Recently there was an article published in the journal Science (widely considered one of the most prestigious science journals in the world) by two professors who I knew while I attended college in Pennsylvania (Franklin and Marshall College — Anyone ever heard of it?).  I found this article particularly interesting because it explained how the beautiful Pennsylvania scenery that we assume is natural was actually created over the course of three hundred years.  Saw mills and dams changed water flow patterns — those pretty streams that flow through the Southeastern PA (and nearby areas) that I grew up in aren’t natural at all.

Of course this is just another thing that we’ve done to make this country different from what it was when people first came here.  We’ve also farmed the heck out of the land, built large industrial areas and, on top of that, there’s the issue of global warming (which, for the sake of this post, we’ll assume is caused by humans), increased carbon dioxide in the air, decreased top soil and forest land (mostly because of the farming), and a general increase in soil, water and air pollutants.

So, with all that said, It seems to me that we’ve done a lot of things to change the environment.  With all that we’ve done why are we so upset when some plants, which we call “invasive” thrive in these settings?  It’s not their fault that they do well in the conditions we’ve created.  Sometimes I feel like we’ve built this great big smorgasbord of lutefisk (fish treated with lye — it’s pretty nasty) and then get angry when only people who grew up eating this type of fish come to the party.

I’m not trying to promote invasive plants — And I’ll be the first to admit that this post is oversimplifying the whole question of invasives — Still, it irks me sometimes that we aren’t more concerned about the environment where we plant our greenery rather than the plants themselves who, after all, are just feeding on the smorgasbord that we’ve created.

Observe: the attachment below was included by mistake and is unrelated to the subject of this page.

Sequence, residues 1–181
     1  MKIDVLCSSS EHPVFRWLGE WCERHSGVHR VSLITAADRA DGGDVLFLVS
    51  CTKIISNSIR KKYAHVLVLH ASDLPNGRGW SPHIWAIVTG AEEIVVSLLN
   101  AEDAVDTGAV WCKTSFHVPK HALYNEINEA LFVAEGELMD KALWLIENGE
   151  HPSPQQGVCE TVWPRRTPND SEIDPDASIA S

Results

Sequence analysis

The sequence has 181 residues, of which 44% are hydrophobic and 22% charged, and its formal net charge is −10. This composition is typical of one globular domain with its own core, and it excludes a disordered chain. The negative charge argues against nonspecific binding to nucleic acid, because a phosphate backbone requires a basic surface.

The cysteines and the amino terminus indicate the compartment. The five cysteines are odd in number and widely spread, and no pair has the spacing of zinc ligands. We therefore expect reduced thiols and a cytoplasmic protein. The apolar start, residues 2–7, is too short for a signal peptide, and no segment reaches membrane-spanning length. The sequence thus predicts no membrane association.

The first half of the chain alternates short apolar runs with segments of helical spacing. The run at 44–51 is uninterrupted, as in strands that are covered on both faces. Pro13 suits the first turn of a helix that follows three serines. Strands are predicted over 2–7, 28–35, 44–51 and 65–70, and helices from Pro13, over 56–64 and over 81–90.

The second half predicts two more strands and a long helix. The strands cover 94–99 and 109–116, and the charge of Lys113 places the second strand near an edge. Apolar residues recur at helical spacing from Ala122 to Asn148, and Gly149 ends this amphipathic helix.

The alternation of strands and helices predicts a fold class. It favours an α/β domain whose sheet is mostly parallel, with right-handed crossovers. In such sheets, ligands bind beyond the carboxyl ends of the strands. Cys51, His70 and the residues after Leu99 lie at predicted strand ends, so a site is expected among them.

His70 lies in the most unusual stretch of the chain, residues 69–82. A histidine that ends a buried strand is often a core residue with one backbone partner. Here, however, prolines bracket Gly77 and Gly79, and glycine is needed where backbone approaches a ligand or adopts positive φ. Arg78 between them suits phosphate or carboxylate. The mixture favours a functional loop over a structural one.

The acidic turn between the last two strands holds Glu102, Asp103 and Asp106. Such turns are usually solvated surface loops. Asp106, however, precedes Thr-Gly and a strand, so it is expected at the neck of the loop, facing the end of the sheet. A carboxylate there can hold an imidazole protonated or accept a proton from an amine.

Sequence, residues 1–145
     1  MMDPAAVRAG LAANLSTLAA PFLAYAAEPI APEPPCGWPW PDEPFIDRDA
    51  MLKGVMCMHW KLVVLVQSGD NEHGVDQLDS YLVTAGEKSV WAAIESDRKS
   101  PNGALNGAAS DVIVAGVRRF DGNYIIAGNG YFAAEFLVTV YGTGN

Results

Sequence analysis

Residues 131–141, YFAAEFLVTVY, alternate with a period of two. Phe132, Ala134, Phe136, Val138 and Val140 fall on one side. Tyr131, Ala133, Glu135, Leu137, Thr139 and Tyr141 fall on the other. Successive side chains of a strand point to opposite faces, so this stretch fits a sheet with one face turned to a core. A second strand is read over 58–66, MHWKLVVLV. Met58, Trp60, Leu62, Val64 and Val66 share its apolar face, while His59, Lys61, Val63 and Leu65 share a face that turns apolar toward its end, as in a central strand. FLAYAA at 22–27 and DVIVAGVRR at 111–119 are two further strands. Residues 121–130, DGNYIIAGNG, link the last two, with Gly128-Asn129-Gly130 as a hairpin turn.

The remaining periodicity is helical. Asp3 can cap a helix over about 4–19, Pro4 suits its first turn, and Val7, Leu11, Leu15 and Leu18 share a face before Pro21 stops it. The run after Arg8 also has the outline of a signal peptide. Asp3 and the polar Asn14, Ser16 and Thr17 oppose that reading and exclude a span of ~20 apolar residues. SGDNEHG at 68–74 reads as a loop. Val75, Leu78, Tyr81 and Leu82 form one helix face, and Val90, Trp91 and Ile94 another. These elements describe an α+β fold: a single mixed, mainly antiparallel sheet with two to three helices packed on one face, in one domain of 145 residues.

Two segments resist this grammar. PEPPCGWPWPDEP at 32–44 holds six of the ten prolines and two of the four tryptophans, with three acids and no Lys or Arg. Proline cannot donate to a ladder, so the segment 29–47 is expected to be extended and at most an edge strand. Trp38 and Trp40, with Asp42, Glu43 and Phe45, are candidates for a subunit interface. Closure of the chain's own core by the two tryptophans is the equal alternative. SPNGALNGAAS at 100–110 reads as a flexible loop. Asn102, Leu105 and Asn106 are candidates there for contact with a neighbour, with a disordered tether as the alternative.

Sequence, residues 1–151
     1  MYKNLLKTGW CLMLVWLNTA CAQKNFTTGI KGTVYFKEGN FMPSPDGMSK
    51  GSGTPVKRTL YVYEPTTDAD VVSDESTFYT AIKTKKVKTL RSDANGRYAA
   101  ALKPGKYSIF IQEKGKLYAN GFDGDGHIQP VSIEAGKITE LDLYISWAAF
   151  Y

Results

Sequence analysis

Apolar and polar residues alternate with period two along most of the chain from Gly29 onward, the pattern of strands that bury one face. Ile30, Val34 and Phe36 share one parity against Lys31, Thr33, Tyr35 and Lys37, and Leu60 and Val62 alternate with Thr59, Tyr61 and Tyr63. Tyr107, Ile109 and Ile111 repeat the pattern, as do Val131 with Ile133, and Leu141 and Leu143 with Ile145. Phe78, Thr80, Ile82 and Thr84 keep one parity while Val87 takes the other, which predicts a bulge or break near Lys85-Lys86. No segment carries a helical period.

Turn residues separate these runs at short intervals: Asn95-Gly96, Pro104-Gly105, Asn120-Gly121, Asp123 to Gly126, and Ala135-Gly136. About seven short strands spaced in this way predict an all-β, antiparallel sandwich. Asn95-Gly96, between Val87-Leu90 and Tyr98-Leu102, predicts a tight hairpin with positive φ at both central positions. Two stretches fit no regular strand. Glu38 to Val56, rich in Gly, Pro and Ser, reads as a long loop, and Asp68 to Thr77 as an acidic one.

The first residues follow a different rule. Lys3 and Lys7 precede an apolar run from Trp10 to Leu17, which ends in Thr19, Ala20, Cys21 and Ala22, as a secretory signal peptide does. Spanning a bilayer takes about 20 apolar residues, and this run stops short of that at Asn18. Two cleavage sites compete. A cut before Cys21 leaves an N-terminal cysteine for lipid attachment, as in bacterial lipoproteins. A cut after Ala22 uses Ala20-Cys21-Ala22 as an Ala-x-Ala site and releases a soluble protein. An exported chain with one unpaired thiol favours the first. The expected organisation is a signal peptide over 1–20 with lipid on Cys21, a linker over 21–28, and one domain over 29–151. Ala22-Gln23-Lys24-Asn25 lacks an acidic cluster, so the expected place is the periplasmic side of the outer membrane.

Veggie garden safety

A few months ago I posted a caution about using old pressure-treated timbers for vegetable gardens (see my Sept. 23 posting).  I now routinely get questions about alternatives to these arsenic-laden materials, especially new treated lumber.  What’s in the new wood that makes it rot resistant, and is it dangerous?

Rather than arsenic, new pressure-treated lumber has copper as its active ingredient.  Though it also will leach out of the wood, there is not a human health hazard associated with its uptake by plants or animals.  You probably get more copper leaching into the water carried through your plumbing (assuming you have copper, and not lead, pipes).

What about plastic timbers?  Though I’ve not seen any literature about leachates from plastic lumber, I’ve seen some older plastic timbers that haven’t aged well – they can warp and twist.  I would avoid those made of rubber, because decomposing rubber produces leachates that are quite hazardous (see September 30 for a discussion on rubber mulches).

Of course, there are many other materials one could use to corral their veggies – concrete blocks, stone, natural wood, etc.  Do you have a favorite?  Post a comment to let us know!